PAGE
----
What to do – listen to employees
While employee engagement surveys can provide insights, employees can and will provide it directly – if they trust the person asking. “Listening tours” can be highly effective. Talk to employees. Ask what works, what doesn’t, what’s not “fair,” what makes them want to leave, or even more committed to stay? Ask them to describe the culture, and see which areas of the organization provide answers that align with organizational goals, and which areas need attention to be brought in line with the expressed culture.
One of the best parts of the highly rated TV show “Undercover Boss,” was watching the “boss,” now an average employee, be treated poorly. Employees wanted senior leaders to understand their reality, in hopes it would change. When good managers were rewarded, bad managers shown the door, bad policies and practices changed, employees applauded the employee win.
What to do – act on employee feedback
Some managers believe fear is still the most powerful management tool they have. Fear of being fired, ridiculed, marginalized – we have all seen it happen by bad managers. When people are afraid, the fight-or-flight response is activated. Consequently, the organization loses good people who choose to work where they are better appreciated and respected.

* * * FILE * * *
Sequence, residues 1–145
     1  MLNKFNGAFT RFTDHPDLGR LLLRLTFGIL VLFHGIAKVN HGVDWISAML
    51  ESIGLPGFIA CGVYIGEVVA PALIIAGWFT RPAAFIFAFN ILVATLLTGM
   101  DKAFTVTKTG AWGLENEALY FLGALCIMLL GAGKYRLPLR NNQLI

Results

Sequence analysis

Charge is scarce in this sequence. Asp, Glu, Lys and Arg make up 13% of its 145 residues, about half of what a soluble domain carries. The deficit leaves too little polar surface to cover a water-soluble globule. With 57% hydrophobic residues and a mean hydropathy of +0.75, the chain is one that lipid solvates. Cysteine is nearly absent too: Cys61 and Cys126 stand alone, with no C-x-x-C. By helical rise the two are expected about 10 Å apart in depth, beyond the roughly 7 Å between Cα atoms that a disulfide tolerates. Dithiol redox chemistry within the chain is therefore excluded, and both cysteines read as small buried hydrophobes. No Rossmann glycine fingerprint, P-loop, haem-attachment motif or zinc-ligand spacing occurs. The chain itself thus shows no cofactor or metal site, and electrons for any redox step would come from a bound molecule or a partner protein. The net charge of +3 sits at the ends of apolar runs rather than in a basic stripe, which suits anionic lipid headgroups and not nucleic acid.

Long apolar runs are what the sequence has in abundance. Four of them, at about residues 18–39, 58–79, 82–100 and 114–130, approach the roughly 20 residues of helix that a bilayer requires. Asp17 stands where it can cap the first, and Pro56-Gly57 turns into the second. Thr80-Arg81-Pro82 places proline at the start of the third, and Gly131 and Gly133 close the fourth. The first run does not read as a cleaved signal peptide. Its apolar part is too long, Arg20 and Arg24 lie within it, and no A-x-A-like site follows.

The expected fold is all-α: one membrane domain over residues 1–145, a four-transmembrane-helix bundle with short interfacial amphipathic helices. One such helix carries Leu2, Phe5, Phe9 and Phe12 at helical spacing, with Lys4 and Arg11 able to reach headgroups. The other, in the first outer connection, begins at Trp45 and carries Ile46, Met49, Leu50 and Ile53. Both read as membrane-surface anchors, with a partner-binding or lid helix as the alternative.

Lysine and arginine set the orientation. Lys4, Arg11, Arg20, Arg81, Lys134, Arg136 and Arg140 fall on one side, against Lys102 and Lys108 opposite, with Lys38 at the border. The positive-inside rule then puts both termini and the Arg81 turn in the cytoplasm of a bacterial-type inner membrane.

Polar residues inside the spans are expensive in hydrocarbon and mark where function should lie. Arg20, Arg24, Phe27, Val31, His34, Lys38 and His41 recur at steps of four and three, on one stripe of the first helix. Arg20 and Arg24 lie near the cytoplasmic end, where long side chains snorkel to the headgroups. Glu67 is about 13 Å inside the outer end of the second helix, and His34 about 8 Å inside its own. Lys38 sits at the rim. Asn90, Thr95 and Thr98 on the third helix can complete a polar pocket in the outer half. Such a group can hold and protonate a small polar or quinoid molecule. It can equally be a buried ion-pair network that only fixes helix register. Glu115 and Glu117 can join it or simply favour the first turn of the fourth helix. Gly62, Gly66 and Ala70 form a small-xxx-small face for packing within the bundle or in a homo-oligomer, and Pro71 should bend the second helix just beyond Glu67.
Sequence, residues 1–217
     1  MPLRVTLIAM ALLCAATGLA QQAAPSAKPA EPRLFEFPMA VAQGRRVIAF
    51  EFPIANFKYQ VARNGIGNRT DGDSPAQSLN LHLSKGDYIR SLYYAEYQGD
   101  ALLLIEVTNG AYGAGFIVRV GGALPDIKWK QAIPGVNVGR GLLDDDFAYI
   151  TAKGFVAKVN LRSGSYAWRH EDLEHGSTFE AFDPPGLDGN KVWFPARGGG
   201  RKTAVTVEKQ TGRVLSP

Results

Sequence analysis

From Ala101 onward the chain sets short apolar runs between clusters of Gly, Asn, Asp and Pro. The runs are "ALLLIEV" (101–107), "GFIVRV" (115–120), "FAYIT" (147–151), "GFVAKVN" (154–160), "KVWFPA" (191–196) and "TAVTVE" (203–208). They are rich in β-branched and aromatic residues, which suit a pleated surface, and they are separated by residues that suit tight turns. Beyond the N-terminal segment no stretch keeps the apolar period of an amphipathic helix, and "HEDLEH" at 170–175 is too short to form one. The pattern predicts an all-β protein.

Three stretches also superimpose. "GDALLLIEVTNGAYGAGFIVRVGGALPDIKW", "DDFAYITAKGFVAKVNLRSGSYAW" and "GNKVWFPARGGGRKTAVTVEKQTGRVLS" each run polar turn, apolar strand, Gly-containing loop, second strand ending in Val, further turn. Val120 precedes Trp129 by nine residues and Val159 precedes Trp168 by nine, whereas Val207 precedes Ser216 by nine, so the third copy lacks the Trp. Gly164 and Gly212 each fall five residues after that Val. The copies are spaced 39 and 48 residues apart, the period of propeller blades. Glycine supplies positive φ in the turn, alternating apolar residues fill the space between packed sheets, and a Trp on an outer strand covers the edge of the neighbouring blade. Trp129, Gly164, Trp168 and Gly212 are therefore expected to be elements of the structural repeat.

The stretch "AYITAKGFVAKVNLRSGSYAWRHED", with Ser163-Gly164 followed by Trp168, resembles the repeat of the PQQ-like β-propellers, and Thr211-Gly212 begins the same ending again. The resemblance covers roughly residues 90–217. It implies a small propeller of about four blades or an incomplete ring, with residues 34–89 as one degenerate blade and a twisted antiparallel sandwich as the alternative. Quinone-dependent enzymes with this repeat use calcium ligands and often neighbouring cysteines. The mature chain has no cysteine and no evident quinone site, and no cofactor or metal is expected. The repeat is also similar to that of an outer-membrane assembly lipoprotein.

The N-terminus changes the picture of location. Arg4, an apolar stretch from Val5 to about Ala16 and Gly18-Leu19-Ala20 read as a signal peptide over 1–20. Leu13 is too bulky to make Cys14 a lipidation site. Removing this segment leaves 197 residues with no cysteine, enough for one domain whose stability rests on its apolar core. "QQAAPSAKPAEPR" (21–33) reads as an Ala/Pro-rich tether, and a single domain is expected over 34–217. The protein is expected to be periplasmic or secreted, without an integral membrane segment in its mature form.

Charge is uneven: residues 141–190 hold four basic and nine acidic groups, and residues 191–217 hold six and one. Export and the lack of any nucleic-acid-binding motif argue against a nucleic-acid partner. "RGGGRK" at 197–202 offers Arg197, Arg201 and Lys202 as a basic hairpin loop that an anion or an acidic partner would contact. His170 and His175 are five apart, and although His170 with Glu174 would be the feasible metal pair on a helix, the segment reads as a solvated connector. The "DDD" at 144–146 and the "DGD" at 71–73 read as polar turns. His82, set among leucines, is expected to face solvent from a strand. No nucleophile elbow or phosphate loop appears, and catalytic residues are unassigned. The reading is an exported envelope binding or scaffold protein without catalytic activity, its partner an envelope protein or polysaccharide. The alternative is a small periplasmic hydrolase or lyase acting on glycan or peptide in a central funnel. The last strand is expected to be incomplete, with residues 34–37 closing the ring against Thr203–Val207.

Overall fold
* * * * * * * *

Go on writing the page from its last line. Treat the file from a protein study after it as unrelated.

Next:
Allowing bad managers to prevail with no understanding of why their behavior impacts the retention – or loss – of high performers perpetuates the problem. Bad management doesn’t have to be extreme or illegal to put your organization at risk. Is it possible to commit an entire organization to maintaining an infrastructure that harmoniously balances the needs of shareholders, management, customers, and employees? Yes, if it becomes a leadership imperative.
What to do – start at the top